Curiosity about each other is what brings us together and what moves creativity, innovation, and joy. “The Performers are Present…” turns curiosity into a visual genre, as it follows London-based performers into the details of their craft and the relationship they each have with the city. A series of portraits and short interviews, this story looks at dancers, actors, comedians, singers, and poets, to bring forth the passion, resilience, hard work, and determination of these young artists.
At the same time, the team behind this story calls for a rethinking of the visual genre of portraiture and invite the viewer to think beyond frames and narratives. The story has no beginning or end, it cannot be fully captured: the life of artists is in their every piece, in every movement, in successes and failures, in fear and moments of absolute pride and happiness. A portrait of the artist is an impossible task: presence, movement, emotion, desire – as elusive as the moment of creation itself. Nevertheless, this slice-of-life story offers just enough, holding back elements of the story, thus managing a hard task – to intrigue, tease, and move the viewer to find out more.
A short interview with Ali Bakht Al Tamimi, founder of a human development organisation based in Baghdad, Iraq. The project explores the different definitions of minorities as well as the possible solutions to the discrimination they face. The concept relies on a balance between four key pillars, individuality, affiliation, citizenship and global identity.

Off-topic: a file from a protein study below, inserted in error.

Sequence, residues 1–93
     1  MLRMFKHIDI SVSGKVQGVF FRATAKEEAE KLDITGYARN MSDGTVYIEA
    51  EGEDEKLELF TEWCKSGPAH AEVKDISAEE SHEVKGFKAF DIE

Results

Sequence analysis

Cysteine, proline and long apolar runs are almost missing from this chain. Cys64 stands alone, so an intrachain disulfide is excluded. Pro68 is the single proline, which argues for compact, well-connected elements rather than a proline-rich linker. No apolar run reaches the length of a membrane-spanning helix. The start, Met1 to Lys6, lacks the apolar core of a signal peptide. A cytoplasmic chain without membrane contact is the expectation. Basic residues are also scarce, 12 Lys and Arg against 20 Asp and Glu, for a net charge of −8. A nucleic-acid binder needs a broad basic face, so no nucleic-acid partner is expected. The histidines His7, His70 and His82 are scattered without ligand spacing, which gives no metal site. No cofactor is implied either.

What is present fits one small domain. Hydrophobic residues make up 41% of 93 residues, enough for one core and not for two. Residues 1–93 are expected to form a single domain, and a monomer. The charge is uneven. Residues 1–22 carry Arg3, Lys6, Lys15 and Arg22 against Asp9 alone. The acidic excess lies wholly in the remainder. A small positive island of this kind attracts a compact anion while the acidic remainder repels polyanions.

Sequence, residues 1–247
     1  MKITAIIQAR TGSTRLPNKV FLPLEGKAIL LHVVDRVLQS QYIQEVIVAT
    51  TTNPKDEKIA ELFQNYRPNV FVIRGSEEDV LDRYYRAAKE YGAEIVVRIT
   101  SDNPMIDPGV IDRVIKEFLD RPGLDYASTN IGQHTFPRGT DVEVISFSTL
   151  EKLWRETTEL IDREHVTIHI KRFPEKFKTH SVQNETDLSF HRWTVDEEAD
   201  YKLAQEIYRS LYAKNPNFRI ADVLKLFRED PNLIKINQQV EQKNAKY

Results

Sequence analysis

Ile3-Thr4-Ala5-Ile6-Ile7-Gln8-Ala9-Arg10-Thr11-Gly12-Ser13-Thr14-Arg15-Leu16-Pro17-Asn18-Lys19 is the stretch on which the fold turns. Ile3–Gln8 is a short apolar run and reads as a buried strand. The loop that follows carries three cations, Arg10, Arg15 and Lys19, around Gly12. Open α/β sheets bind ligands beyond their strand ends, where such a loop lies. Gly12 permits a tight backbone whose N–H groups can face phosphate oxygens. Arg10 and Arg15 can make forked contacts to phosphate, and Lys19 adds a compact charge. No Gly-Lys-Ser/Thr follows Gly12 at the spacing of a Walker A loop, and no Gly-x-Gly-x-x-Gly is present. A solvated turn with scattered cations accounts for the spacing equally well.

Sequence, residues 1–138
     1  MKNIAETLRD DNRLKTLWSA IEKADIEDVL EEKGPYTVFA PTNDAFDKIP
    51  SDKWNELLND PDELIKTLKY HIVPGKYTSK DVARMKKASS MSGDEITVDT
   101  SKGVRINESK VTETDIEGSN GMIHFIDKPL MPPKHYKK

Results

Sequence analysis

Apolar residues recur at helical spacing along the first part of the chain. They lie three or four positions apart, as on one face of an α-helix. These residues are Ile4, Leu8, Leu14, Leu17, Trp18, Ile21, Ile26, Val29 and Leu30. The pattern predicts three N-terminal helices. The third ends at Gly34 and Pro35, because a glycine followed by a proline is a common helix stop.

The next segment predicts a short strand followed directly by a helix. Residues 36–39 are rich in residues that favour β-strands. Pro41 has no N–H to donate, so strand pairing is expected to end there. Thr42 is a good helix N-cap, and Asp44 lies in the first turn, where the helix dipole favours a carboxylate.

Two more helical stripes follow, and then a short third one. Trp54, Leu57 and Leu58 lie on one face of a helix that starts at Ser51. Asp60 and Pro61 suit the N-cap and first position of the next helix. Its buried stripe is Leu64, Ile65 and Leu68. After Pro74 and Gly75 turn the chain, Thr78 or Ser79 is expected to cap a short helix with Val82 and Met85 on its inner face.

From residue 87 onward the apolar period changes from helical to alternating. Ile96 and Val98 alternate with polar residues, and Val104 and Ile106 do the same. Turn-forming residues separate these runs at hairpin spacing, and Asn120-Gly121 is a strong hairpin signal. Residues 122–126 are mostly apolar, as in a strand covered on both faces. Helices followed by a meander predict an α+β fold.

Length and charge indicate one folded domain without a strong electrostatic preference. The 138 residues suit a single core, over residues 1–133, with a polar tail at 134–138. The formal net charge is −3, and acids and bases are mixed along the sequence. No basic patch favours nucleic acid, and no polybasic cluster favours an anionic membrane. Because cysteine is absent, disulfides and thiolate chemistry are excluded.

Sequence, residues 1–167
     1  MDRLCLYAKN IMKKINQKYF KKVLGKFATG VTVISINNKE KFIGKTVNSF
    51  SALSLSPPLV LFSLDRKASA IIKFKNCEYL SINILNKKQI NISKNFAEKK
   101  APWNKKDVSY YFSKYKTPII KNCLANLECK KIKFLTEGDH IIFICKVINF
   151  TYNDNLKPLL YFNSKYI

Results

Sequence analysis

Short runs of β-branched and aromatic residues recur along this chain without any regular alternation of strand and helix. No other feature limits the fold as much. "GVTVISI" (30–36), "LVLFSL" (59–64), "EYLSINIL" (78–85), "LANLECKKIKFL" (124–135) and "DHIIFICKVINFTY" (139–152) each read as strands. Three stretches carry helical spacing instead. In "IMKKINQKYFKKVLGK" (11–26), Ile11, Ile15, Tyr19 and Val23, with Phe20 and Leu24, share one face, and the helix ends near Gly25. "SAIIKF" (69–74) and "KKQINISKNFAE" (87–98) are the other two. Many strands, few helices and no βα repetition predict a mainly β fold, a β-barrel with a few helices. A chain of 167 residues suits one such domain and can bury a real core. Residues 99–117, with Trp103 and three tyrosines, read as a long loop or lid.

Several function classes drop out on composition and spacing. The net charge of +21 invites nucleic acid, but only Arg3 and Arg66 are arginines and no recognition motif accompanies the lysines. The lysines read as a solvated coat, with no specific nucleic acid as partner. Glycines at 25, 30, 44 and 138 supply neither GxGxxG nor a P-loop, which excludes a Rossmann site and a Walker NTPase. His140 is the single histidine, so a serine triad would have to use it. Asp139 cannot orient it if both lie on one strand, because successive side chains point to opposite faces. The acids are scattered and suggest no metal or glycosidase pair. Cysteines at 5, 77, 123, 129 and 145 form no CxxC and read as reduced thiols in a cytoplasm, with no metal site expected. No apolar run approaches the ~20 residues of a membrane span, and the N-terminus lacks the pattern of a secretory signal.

(Work in progress)
The city of Basra is the capital of the Basra province in Southern Iraq. Bordering Iran (east) and Kuwait (south), Its landscape varies from an oil and gas rich desert to fertile lands, home to the famous date palms. Basra is the only Iraqi region with ports to the Arabian/Persian Gulf, making it commercially active. In the absence of Saddam’s strict Baath regime of 2003, many families from surrounding areas have and still are migrating to Basra in hope of finding work.
If home were a body, what would yours look like? Born to a Jamaican mother and Nigerian father, Lola Oseni’s poem ‘Dami-Lola’ looks at what it feels like to be displaced in the place you’ve grown up calling home. Filmed and edited by Yassin Yassin and Jordan Katz-Kaye, ‘Dami-Lola’ reimagines what it means to be home.